Welcomed Indecency

Not all worthy films are recognized as such during their premiere issuances. The numbers are legion about movies taking decades before earning proper and due appreciation. This seemed particularly so for movies appearing just before the eruption of World War II.

Given the lingering trauma of the Great War and the Depression’s stubbornness it’s easy to imagine moviegoers everywhere were somewhat resistant to diversions which asked engagement rather than merely distracted.
Why bother thinking when charm was offered?

While Gone with the Wind, Rebecca, and How Green Was My Valley remain lush, intriguing, and heartwarming efforts, respectively, several of the also-rans to these prize winners appear even worthier of the laurels than upon those honored by that era’s sentiments.

One of the least considered of this imminent war period happens to be a favorite movie of mine. So much so it’s one of the few that I routinely watch annually. Not so much it’s become a ritual with a prescribed moment and place (nor incense, oils, and animal sacrifices), but often around this time of year it will occupy a spot on my movie rental queue.

That title is Rules of the Game. The 1939 French feature contains none of the qualities of the aforementioned films. In fact throughout its nearly two-hour running time Rules of the Game fairly mocks conventions of a society believing itself genteel, polite, and virtuous. This alone should confirm why it’s my favorite foreign movie.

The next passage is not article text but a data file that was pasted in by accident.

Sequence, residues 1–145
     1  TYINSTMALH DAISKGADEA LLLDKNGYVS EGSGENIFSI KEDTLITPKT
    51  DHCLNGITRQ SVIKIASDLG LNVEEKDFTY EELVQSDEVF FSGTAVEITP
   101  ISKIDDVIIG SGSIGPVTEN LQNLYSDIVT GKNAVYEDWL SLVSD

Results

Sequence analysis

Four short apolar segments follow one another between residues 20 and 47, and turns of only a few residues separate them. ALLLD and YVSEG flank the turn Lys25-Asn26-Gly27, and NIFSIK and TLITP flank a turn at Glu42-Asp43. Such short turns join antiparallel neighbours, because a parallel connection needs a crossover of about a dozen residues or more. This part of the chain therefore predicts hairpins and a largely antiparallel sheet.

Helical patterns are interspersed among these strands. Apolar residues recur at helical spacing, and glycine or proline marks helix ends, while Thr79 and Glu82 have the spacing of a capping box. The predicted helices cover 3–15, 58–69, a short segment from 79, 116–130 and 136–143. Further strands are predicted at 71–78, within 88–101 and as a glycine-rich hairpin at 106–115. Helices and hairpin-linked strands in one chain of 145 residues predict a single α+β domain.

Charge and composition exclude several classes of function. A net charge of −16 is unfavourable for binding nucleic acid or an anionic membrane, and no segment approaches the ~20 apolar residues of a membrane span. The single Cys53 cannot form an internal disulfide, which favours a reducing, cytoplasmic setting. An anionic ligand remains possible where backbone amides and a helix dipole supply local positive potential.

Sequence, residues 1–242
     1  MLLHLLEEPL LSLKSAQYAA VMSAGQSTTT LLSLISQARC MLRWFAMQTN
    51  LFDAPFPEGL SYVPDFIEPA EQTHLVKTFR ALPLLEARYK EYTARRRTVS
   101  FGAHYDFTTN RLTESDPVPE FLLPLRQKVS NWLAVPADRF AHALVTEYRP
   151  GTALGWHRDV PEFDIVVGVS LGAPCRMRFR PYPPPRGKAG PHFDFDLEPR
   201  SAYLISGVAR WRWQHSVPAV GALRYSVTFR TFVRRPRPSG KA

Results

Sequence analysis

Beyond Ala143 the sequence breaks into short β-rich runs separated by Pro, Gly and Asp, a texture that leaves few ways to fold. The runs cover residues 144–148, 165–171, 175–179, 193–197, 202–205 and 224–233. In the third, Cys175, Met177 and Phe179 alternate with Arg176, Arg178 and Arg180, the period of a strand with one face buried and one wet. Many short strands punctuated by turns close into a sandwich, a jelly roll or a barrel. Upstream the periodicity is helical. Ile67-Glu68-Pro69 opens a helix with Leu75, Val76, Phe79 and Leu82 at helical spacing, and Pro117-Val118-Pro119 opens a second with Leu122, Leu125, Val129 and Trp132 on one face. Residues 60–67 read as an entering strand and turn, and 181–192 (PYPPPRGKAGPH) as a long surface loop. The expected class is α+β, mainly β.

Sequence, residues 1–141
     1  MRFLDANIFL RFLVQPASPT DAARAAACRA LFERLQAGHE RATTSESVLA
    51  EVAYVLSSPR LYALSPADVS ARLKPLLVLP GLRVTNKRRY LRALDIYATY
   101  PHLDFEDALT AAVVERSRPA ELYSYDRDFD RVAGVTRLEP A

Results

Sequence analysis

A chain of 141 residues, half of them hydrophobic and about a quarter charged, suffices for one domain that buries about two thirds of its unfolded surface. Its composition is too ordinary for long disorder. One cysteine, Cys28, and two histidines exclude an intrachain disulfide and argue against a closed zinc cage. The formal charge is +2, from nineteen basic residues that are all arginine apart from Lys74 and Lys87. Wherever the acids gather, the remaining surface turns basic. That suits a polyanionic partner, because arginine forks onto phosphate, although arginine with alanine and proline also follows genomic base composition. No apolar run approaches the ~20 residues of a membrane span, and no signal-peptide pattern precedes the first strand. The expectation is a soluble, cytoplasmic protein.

Polite I can manage. Virtue is overrated again and again.

For those who haven’t had the pleasure of watching it, Rules of the Game is a terrific roundelay of relationships. Each of them demonstrates how impeccable manners should paper over our true hearts’ desires as well as our less sterling cravings.

Indeed, this movie impugns the veneer of civility. Which makes it all the more fun when that glaze is scraped off. Viewers then are allowed to feast eyes on what the bound by decency gang may observe as rot beneath.

Despite, oh, misbehavior occasioned by the human condition, propriety must be maintained. Or put less prosaically, while everybody may know, none should remark. Doing so breaches the established compact. Those who fail heeding the rules are paid by fate.

Initially, Rules of the Game draws on France’s tradition of drawing room comedies. In fact a maxim in the opening credits by La Rochefoucauld presents the theme about to be unspooled. Beginning in Paris and later fully transpiring among the environs of a countryside chateau, this sealed yet doomed world draws generously from expected purloined kisses, leisurely, scheduled trysts, silly amusements, not to mention witty and thankfully cruel epigrams.

Snatches of Mozart simply increase the civilized ambiance.

However, Rules of the Game concludes in a manner harkening further back to antique Greek drama. They who scribed those plays and their audiences would appreciate how the goodness of the lone, brave, naïve personage could not spare him from what destiny had designed.

Indeed, he who pays is the sole character whose indiscretion is bald-faced honesty.

And though the waters have been substantially roiled, in the end a resumed placid surface belies nearly all which has occurred. Almost in the same manner as the Second World War would roughly erase these frivolous hours.

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